Be careful about training people but not giving them a project right away to work on, warns Chase Financial Services’ Costa. “We have found it very beneficial for people to take a project with them into training or to start something right after,” he says.

2. Don’t substitute Six Sigma for thinking. For IT staffers particularly, the urge is strong to first use tools they know (that is, technology) before dipping into untried methodologies. Resist that urge, counsels Fidelity Wide Processing’s Sutton. “If you just throw technology at a business problem, all you wind up with is a bad process with new technology. If you wring out the process first, then you can really use technology to move it to a higher level.”

As a case in point, Fidelity Wide Processing used Six Sigma tenets to reengineer its inbound, paper-based, customer data processing operation. Only after gaining 32 percent improvement by streamlining the process did Sutton’s department start to consider new technologies. The company is currently expanding its use of advanced character recognition technology to speed processing of customer data.

3. Don’t be afraid to tinker. While the philosophy behind Six Sigma is, or should be, sacrosanct?focus on the customer, reduce defects, streamline and improve processes, evaluate continuously?you needn’t treat the tactics and tools as if they’re set in stone.

Many big companies, including Honeywell and Textron, have their own internal “brands” of Six Sigma that have been tailored to their line of business and oftentimes combined with Lean, another manufacturing technique designed to weed out non-value-adding subprocesses. Other organizations fine-tune the DMAIC model as needed. Chase Financial, for example, added a step called “implement.”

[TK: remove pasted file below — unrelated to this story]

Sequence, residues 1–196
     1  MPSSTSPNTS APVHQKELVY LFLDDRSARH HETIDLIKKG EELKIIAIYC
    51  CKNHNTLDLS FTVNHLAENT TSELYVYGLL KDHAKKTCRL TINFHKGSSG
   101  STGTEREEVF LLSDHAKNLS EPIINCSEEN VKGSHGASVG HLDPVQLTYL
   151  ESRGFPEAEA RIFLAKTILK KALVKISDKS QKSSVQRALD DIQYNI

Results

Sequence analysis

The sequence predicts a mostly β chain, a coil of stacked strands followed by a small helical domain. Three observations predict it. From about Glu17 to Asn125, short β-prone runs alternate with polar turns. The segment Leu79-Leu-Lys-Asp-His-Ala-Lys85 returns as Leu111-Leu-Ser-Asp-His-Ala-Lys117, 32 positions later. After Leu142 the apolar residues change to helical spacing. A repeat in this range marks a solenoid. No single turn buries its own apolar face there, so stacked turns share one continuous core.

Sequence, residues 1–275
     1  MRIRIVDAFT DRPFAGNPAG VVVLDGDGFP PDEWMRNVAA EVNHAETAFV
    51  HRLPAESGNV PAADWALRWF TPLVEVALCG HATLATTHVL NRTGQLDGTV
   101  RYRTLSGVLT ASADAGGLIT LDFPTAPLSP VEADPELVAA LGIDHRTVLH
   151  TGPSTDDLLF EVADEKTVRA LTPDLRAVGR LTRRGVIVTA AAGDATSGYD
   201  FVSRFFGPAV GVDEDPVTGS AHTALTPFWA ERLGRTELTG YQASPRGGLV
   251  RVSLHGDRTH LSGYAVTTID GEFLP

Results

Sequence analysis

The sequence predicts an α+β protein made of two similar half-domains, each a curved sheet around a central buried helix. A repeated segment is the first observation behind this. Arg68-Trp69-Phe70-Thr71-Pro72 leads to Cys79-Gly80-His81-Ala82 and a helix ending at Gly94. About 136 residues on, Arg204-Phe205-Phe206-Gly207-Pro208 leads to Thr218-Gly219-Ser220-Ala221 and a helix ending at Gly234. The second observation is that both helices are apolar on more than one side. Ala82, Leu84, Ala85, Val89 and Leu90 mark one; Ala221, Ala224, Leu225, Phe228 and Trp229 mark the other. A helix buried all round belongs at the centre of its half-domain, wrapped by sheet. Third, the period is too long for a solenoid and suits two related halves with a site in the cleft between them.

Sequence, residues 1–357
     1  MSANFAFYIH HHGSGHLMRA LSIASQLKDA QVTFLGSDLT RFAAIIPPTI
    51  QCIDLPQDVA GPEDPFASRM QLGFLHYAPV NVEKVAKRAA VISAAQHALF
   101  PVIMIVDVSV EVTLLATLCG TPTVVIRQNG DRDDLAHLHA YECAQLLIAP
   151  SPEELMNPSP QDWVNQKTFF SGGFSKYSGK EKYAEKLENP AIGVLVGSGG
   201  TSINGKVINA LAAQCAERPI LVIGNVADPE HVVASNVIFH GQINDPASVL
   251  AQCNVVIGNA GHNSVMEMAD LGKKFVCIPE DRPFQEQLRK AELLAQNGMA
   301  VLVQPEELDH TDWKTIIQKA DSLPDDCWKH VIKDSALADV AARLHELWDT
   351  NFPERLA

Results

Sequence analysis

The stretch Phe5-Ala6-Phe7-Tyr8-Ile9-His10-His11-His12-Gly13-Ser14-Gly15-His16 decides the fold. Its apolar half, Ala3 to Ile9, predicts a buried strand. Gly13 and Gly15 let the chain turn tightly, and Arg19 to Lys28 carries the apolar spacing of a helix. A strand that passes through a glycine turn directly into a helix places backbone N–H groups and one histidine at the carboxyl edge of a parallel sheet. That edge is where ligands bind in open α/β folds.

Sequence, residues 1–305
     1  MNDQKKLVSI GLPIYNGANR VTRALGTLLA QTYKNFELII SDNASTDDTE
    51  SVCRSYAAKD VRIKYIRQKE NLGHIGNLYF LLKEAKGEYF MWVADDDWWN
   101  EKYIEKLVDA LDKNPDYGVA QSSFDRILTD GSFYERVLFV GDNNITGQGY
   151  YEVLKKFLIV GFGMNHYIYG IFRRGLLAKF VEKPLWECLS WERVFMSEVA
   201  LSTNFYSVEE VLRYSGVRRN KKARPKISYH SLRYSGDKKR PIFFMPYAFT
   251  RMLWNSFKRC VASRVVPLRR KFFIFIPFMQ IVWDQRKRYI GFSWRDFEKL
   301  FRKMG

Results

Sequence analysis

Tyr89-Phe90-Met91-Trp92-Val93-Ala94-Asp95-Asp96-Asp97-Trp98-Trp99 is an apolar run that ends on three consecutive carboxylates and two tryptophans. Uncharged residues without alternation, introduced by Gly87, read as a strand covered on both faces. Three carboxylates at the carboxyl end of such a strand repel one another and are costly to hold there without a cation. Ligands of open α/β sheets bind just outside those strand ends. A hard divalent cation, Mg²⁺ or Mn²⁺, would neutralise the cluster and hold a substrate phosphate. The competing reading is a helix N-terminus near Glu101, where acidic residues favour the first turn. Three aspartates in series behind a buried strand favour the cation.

At the toolset level, Raytheon’s Debrecht says his teams have wide latitude when it comes to suggesting which measures are appropriate for which projects. “We use brainstorming, value mapping, fishbone diagrams and something we call the ’five whys’ to help us get to the root cause of an issue,” he says. Textron’s Bohlen gives that approach a thumbs-up. “Six Sigma is a system of tools,” he says. “There’s no prescribed set. You have to determine what you want to bring to your workforce before you choose your tools.”

One word of warning: A cautious CIO might be tempted to try a little bit of Six Sigma here and there to see if it works. That’s a mistake, says Costa. “We tried too hard to go part-time on some of this stuff, so projects were taking too long. Now we try to focus black belts full-time on a project, and in most cases we’re seeing between $1 million and $3 million in benefits,” he says.

4. Don’t get bogged down in numbers. Like any other measurement-based system, Six Sigma can be driven into the ground by too many numbers. “All that statistical analysis that the black belts use, all those data points don’t add up unless you understand what you’re measuring,” says Gartner’s Light. The “define” phase in DMAIC is, in his opinion, probably the most important part of the discipline, and it’s the one that involves the fewest metrics. “Chartering the team and specifying who the customers are and defining what a good experience is and what’s a defect, that’s where the value is,” he says.

“You can use statistics in degrees,” echoes Sutton. “People hear ’measure’ and they say, ’Oh, we gotta have a control chart.’ But there are certain areas where we have no control charts. What’s important is the methodology and how you apply it.”

How to Sell Six Sigma

For all their enthusiasm, CIOs acknowledge that the most difficult aspect of Six Sigma may well be trying to sell its benefits to the rank and file, many of whom have lived through too many rah-rah kickoffs in the conference room to embrace any more management initiatives.

Six Sigma can certainly turn into some executive’s pet leadership strategy that’s launched and forgotten three months down the line. But if it’s done right, practitioners say, Six Sigma stimulates a fundamental change in the way an organization conducts business and makes decisions.

So what’s the best way to introduce that change? Maybe not at all. Fidelity Wide Processing’s Sutton is a fan of the show-first-tell-later strategy. When Six Sigma was new to his organization, he sometimes shunned the words Six Sigma or training or quality.

“We don’t come in with touchy-feely training and have [skeptics] say, ’Oh yeah, right, Six Sigma,’” Sutton says. “We say, let’s talk about your business problems. You need to drive improvements in your business, and we’re going to show you how to do it.”

And that, Sutton says, reels them in every time.